Cougars Football Continuing with Community Invite Tradition
    The Santa Clarita chapter of the American Cancer Society is excited to announce its annual leading fundraiser of the year — Relay For Life - will take place on Saturday, Oct. 2, at the Westfield Town Center Mall, from 11:00 a.m. to 9:00 p.m.
    Oct. 2: American Cancer Society’s Relay for Life
    At least one person was reported wounded in a shooting in Newhall Wednesday night, prompting a response from law enforcement and medical personnel.
    Newhall Shooting Sends One Person to Hospital
    Are you ready for a “Partea”? Circle of Hope’s 17th Annual Tea Celebration will be held at the Hyatt Regency Valencia on Saturday, Oct. 9, beginning at 11:00 a.m.
    Oct. 9: Circle of Hope’s 17th Annual Tea Celebration
    SACRAMENTO — State Superintendent of Public Instruction Tony Thurmond proudly recognized Betty Reid Soskin, a pioneering Bay Area civil rights activist and the oldest living National Park Ranger serving in the United States, as an Ambassador to California Education on her 100th birthday.
    Betty Reid Soskin Named California’s Newest Education Ambassador
    The Mojave Area California State Parks  recently announced status updates for public use.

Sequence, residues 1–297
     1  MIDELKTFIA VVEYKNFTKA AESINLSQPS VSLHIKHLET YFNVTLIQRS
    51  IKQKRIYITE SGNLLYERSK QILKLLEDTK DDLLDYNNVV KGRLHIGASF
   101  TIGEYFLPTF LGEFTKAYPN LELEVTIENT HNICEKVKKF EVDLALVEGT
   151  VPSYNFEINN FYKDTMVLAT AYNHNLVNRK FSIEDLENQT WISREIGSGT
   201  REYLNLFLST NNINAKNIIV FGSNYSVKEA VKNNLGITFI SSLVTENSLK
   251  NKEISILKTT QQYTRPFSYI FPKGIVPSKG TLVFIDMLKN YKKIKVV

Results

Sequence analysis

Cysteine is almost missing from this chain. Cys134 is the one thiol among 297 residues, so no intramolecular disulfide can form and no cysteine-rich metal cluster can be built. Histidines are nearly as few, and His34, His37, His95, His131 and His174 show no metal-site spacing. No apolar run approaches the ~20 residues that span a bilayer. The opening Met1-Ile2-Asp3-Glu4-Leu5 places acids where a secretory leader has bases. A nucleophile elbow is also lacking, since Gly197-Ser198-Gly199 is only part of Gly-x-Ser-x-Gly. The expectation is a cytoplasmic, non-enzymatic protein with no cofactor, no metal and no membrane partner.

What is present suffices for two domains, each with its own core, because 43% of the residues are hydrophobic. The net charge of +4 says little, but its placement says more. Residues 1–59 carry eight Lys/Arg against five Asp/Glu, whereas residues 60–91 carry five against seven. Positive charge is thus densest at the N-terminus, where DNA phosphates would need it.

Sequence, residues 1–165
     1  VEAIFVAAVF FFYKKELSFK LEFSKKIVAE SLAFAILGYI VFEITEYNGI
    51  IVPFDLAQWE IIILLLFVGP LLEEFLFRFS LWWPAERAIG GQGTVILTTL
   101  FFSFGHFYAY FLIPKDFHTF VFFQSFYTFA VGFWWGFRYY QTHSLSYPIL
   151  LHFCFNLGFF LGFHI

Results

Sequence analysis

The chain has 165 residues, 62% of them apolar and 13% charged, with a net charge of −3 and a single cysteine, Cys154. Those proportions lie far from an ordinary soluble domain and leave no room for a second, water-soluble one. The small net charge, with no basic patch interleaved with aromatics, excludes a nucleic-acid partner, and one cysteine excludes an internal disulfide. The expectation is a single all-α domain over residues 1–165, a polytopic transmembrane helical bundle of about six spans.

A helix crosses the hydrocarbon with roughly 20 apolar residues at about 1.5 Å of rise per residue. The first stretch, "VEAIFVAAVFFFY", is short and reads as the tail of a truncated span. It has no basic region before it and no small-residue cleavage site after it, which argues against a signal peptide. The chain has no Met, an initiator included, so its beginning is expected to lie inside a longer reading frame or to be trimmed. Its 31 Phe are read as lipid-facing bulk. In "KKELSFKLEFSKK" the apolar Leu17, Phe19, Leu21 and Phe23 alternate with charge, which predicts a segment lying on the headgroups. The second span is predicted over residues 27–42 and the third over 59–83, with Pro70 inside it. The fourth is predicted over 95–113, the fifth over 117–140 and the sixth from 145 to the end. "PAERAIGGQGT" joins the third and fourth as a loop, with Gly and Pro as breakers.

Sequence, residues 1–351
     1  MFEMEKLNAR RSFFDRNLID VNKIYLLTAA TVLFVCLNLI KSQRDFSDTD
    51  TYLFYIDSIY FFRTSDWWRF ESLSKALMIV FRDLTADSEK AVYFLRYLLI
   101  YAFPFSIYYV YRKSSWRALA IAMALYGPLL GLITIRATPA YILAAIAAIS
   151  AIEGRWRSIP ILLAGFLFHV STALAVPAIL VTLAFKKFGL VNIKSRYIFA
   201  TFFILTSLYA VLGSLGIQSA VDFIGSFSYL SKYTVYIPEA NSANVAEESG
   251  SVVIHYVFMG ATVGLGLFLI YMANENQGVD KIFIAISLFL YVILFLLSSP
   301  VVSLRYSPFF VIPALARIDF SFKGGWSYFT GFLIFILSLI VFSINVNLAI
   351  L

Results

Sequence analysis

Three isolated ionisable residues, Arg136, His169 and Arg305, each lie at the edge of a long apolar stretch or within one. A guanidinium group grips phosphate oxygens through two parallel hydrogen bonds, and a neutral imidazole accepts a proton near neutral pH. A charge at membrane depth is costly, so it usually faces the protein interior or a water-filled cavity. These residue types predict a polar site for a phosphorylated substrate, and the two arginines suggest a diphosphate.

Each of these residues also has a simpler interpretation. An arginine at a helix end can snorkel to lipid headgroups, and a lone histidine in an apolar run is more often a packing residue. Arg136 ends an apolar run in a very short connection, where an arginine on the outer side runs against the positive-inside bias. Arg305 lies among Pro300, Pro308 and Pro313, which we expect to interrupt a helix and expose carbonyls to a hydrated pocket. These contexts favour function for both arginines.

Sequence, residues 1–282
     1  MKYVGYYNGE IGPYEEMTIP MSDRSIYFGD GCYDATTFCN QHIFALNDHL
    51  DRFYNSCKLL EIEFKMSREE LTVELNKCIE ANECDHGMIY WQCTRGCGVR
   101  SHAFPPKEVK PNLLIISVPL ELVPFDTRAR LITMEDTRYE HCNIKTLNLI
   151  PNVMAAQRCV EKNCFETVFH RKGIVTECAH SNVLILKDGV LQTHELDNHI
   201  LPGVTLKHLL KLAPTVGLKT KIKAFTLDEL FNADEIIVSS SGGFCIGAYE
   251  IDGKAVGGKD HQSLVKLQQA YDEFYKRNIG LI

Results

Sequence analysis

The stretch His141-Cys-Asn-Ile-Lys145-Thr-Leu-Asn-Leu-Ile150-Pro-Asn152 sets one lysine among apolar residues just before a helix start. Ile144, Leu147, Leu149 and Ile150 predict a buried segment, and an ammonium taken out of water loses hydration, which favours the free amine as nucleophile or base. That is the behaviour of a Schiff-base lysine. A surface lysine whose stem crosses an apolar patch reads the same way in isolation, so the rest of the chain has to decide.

Status Updates Released for Mojave Area State Parks
    1948 - Agua Dulce Women's Club organized [timeline]
    Women's Club
    The Santa Clarita Planning Commission approved the installation and operation of a Verizon wireless communication facility that will expand wireless coverage in the city’s center. 
    Verizon Wireless Facility Approved By Planning Commission
    State Senator Scott Wilk is honoring four Hispanic community leaders to commemorate National Hispanic Heritage Month. 
    Wilk Honors Local Hispanic Community Leaders
    Los Angeles County Public Health officials on Wednesday confirmed 41 new deaths and 1,750 new cases of COVID-19 countywide, with 35,403 total cases in the Santa Clarita Valley.